The Legacy: David Austin’s English roses

In our series 'The Legacy', Tiffany Daneff pays tribute to David Austin, the man whose name remains synonymous with roses even five years after his death.

Although he joined his father in the family business of farming, David Austin (1926–2018) dreamed of roses and, in particular, of creating the perfect English rose. This would have that old-fashioned ‘charm and beauty’ that had been all but lost in the popular success of Hybrid Teas that, to his mind, were stumpy and stiff, their colours too shiny and showy.

Aged 21, he devoted his spare time to crossing Gallica roses with Floribunda, hoping that, by using the best of the old roses (their beauty and shrubby growth) with that of the new (their colour and ability to repeat-flower), he would discover ‘a scented rose with rosette-shaped or cupped flowers’ on a shapely bush that flowered to the ground. It was not a route of which his father approved.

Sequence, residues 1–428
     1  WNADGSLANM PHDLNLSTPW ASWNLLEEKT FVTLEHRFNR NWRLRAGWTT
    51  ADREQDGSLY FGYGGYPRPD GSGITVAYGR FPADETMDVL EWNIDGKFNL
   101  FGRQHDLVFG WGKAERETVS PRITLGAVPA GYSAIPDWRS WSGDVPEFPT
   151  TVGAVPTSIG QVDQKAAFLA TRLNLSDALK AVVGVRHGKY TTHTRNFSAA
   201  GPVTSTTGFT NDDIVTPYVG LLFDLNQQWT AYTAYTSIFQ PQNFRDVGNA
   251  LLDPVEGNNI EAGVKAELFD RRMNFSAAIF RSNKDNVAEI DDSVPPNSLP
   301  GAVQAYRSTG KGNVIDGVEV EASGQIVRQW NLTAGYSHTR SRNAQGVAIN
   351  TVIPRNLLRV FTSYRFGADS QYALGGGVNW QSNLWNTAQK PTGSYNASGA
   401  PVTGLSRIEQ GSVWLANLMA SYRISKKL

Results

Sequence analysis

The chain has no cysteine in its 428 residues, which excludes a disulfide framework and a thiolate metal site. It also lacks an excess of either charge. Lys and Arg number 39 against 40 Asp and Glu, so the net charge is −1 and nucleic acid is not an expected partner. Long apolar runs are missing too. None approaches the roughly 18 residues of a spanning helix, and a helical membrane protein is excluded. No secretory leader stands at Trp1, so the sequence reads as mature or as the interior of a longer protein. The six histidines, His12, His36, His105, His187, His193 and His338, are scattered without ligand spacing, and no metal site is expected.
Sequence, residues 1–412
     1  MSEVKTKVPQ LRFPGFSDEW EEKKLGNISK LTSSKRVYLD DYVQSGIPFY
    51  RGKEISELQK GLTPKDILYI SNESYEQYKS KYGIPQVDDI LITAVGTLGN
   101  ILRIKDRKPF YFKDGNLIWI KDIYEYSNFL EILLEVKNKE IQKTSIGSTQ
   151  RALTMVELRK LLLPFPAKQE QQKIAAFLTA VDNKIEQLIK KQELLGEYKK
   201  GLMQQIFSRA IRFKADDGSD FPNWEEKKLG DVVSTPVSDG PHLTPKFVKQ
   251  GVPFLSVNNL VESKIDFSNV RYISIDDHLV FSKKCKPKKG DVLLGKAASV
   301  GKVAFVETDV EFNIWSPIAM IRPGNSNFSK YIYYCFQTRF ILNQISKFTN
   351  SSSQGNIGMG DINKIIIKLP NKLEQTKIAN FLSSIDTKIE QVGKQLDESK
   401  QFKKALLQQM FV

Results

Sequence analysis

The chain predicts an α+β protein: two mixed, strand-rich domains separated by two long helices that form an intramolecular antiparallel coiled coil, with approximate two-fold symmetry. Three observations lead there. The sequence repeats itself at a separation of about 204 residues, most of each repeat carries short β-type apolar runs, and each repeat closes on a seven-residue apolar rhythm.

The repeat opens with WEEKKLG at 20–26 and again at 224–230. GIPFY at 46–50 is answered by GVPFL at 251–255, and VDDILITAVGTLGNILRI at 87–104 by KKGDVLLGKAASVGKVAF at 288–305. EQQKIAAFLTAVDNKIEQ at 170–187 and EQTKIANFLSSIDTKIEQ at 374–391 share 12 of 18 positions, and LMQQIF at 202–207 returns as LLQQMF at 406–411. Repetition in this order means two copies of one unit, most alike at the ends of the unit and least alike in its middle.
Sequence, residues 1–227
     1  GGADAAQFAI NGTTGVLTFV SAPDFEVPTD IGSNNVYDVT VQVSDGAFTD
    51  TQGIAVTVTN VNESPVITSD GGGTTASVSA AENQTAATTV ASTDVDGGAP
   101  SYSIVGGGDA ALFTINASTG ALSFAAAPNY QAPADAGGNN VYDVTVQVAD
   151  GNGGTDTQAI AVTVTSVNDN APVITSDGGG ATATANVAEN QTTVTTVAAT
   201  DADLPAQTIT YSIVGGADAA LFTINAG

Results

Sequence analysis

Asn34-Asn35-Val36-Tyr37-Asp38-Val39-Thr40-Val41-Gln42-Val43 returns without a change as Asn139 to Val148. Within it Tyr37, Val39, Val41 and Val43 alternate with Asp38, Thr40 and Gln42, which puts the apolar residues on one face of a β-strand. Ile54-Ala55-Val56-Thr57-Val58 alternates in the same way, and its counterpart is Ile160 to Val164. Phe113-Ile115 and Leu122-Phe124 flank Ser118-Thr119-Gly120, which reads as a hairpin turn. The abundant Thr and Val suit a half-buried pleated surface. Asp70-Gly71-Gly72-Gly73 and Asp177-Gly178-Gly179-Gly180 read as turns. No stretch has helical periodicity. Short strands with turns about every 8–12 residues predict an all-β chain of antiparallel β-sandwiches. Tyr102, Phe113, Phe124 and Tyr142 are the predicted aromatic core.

For all his shy charm and English reserve, Austin (pictured with ‘Crown Princess Margareta’, above), stuck to his guns. He was unimpressed by those who bred for profit and, although professional breeders considered his approach a non-starter, his determination more than proved them wrong as he became the most famous rose breeder of his day. ‘I was never that influenced by what other people said or thought,’ he once said. ‘I’m slightly dyslexic and I think I make connections that other people don’t.’ Roses had touched his soul: their scent ‘lifts the spirit as few others can,’ he wrote in his book The English Roses.

At his nursery — David Austin Roses, set up in 1961 at the family farm in Albrighton, Shropshire — 300,000 seedlings were raised each year. There’s barely a garden today without one of Austin’s gloriously scented, sensuous and generously flowering roses. Indeed, as the florist Shane Connolly once told Austin, if he could, he would use nothing else.

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